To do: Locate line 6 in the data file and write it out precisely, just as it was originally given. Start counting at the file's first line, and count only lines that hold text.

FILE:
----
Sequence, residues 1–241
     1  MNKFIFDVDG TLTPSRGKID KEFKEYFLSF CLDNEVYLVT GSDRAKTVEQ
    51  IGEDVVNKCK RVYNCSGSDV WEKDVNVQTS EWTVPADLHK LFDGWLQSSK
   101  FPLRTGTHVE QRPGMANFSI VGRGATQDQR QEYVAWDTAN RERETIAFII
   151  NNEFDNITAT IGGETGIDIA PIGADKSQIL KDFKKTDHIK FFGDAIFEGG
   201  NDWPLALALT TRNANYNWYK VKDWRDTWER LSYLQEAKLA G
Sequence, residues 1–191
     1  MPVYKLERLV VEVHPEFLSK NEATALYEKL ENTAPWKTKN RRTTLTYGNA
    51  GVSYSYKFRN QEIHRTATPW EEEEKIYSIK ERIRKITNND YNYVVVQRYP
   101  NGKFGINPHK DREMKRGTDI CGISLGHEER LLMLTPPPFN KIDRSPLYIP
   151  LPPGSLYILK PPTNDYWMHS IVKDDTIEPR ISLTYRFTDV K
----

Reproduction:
   201  NDWPLALALT TRNANYNWYK VKDWRDTWER LSYLQEAKLA G